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When they came to Marah, they could not drink its water because it was bitter. (That is why the place is called Marah.)  So the people grumbled against Moses, saying, “What are we to drink?”
Exodus 15: 23-24

 

The desert became a classroom for the Israelites in their journey to the Promised Land. God chose Moses as His professor and mouthpiece to teach them His truth. He sent tests to examine their faith and give them opportunity to behave they like they believed. This passage includes one of many tests the Israelites will be given in their desert classroom.

Desert travel would not be easy.  Our text tells us the Israelites had traveled for three days without water. They are understandably thirsty.  And when they finally find water, someone must have scooped it up, swallowed, and then spewed it out quickly –choking and grimacing, and declaring it bitter. Marah means “bitter,” so this place was called Marah for a reason.

Have you even gone through a bitter circumstance? Maybe you are living through one right now. Difficult journeys will come….the unexpected will reveal itself.  We will all have Marah Moments as long as we live in this world.  The question is – how do we respond to those Marah tests?  Can we keep our wits about us long enough to see them as not only great physical challenges, but as great spiritual tests?

Our response to hardship reveals much about the depth of our faith.

The Israelites fail the test in the classroom called Marah.  They respond in a human way to a spiritual challenge camouflaged as a physical challenge.  They grumble and complain and they blame Moses.  Long forgotten is the praise and worship of God three days before. (See Exodus 15: 1-22).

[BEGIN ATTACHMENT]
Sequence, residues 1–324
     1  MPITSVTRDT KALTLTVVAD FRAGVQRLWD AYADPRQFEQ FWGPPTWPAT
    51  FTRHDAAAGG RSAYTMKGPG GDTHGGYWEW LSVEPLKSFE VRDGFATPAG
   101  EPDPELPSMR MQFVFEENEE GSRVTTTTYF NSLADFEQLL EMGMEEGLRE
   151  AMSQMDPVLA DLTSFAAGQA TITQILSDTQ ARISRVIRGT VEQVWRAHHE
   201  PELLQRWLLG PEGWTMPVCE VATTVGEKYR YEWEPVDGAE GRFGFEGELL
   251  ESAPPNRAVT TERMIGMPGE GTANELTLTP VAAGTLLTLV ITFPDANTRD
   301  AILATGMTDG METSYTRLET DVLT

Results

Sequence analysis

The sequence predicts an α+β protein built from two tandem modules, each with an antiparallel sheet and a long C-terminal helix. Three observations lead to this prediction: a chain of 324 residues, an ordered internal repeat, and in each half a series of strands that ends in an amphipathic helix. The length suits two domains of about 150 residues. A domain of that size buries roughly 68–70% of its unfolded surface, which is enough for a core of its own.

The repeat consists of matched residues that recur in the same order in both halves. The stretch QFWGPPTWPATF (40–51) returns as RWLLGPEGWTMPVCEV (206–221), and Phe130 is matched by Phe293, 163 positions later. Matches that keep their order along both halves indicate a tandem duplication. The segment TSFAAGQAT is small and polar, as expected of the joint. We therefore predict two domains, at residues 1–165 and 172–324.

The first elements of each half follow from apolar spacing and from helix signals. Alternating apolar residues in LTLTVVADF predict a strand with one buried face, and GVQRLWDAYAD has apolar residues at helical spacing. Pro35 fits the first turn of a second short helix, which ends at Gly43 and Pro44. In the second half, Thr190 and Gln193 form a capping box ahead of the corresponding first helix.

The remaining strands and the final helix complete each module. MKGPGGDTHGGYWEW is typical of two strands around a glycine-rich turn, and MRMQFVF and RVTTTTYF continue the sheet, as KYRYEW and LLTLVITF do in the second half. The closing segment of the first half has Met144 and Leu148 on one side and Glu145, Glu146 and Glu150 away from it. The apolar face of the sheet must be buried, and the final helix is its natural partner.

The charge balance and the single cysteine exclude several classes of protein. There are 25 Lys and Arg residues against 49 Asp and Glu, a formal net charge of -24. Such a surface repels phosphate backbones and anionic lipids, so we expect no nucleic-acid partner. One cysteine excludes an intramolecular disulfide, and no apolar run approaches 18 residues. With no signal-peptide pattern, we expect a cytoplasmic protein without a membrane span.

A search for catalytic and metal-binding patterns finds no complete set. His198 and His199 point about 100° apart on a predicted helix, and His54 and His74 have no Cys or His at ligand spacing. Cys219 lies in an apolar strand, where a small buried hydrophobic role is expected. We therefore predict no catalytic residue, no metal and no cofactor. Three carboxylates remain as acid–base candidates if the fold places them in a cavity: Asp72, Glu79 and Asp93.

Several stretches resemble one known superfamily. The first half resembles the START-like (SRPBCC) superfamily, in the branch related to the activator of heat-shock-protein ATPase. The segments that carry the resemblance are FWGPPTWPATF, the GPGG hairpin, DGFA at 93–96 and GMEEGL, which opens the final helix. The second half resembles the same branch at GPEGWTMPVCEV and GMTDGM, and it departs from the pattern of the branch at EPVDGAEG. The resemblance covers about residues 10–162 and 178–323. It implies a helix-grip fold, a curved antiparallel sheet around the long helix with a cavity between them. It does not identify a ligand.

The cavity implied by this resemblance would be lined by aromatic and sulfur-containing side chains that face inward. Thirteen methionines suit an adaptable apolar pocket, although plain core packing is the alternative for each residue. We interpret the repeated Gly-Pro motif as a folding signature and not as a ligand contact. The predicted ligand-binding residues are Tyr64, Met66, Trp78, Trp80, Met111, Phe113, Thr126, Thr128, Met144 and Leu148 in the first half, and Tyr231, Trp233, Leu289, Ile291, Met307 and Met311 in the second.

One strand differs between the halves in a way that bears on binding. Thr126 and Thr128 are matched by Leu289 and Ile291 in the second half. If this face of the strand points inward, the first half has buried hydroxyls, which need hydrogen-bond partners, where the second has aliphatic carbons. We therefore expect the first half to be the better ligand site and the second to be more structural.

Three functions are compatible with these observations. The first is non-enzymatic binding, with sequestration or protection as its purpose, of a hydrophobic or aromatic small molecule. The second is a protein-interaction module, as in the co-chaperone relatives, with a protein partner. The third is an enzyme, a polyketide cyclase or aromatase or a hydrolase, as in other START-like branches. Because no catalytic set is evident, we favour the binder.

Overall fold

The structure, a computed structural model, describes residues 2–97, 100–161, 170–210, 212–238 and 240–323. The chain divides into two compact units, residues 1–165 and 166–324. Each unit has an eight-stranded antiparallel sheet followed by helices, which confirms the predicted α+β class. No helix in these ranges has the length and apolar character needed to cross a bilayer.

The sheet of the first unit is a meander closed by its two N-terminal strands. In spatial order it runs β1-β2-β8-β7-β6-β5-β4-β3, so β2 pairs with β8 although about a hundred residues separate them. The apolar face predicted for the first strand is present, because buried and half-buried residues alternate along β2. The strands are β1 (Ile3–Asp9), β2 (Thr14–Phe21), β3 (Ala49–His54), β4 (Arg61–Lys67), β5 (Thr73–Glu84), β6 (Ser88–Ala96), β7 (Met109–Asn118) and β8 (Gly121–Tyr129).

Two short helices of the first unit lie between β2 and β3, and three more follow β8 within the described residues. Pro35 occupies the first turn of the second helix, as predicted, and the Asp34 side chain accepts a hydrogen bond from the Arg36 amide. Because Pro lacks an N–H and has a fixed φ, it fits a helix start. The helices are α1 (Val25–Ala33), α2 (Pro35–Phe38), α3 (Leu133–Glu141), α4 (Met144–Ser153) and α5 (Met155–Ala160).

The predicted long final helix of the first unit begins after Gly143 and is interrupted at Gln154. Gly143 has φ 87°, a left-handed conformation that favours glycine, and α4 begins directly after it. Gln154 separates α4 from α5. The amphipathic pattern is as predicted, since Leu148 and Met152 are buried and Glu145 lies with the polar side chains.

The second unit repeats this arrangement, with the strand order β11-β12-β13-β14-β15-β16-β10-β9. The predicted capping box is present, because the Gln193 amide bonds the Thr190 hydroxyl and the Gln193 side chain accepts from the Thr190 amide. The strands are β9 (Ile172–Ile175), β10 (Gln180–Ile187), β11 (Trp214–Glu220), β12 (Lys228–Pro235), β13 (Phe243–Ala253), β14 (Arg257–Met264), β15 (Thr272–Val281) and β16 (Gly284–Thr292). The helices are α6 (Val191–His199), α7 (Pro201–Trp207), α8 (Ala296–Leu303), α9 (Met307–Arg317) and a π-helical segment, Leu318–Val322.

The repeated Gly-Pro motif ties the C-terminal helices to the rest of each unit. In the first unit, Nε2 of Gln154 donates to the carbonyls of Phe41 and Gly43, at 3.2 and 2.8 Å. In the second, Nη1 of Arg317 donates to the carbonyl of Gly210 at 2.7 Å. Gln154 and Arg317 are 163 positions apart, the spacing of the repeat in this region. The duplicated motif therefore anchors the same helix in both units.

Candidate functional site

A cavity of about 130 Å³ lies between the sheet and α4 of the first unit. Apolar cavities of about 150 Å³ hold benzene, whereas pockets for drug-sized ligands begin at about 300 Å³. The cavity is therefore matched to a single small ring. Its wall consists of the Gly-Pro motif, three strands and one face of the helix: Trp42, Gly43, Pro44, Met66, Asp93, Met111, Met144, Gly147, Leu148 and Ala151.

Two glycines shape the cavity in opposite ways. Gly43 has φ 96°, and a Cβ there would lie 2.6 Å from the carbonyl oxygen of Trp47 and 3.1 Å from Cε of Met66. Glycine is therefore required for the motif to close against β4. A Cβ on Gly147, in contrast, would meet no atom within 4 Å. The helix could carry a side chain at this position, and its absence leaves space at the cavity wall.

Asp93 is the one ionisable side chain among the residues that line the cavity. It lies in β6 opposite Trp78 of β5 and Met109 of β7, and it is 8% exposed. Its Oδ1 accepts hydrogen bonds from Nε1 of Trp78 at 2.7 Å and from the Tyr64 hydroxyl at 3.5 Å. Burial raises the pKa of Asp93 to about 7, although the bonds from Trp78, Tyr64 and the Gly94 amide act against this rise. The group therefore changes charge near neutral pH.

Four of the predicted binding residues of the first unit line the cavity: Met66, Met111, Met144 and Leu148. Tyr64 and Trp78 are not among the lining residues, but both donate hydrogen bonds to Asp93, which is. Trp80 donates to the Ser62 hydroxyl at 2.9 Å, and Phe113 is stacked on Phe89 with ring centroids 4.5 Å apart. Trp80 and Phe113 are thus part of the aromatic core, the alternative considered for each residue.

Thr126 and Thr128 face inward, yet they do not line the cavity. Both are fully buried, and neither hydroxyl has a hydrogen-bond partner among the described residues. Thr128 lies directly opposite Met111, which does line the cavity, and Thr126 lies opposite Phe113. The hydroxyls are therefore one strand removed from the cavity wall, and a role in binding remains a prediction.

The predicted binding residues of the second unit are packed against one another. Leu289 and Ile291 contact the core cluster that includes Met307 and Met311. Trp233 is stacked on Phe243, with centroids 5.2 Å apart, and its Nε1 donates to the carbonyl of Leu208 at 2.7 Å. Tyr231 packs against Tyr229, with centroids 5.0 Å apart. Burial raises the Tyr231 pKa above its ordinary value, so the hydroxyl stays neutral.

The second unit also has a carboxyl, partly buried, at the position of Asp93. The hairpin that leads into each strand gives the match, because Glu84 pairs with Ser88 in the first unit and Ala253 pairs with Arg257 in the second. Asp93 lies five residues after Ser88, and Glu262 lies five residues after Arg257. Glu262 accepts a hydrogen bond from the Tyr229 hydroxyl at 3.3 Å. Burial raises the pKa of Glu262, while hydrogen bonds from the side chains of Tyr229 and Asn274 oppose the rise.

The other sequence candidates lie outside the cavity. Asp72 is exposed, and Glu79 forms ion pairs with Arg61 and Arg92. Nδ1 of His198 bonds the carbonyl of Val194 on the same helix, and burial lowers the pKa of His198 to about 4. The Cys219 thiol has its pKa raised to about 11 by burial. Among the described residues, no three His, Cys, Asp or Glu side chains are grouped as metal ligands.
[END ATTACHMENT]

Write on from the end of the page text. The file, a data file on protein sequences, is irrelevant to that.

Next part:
But Moses passes the test. He cries out to God and God responds. God shows His power over the most common disease that will continue to plague the Israelites: bitterness. We see God’s loving provision as the bitter water is made sweet. We see God’s abundant grace as the next stop on their journey is Elim – where they find twelve springs and seventy palm trees.  A place of blessing and rest and provision.

Will they remember the lesson learned at Marah?  Will they be ready for the next pop quiz?  Will they trust God when the next test comes?

What is your Marah moment? Are you surprised and taken off guard when life’s classroom brings something unexpected and bitter– like a student when the professor comes in and announces a pop quiz? As 21st century believers living in the relative ease and comfort of the western world, it’s easy for us to adopt a spirit of entitlement– to think that because we follow God, life should be comfortable and easy.

But one of the blessings of growing older is that we come to realize that it’s the hard things in life that really hone us…teach us…and have us learning to lean into and onto our great God.  We come to realize we are not here so much to be comfortable or even happy (although those things may or may not come)…but we are here to bring Him glory – to walk with you this journey of faith –to know Him and to make Him known.

He is so good and kind.  He brings, as Mr. Wierbse (one of my favorite commentators) says, “enough blessings to encourage us…and enough burdens to humble us.”  The question is, are we woman enough to accept both? Can we lift up praise to God for the blessings…and also cry out to God as we learn lessons in the burdens?

The woman of God cries out to God when life is bitter.

 

The audio for this week’s teaching lecture can be found here:  http://fbcsiloam.podbean.com/e/ladies-bible-study-exodus-lessons-9-and-10-laura-macfarlan-11-13-14/

 

Laura Macfarlan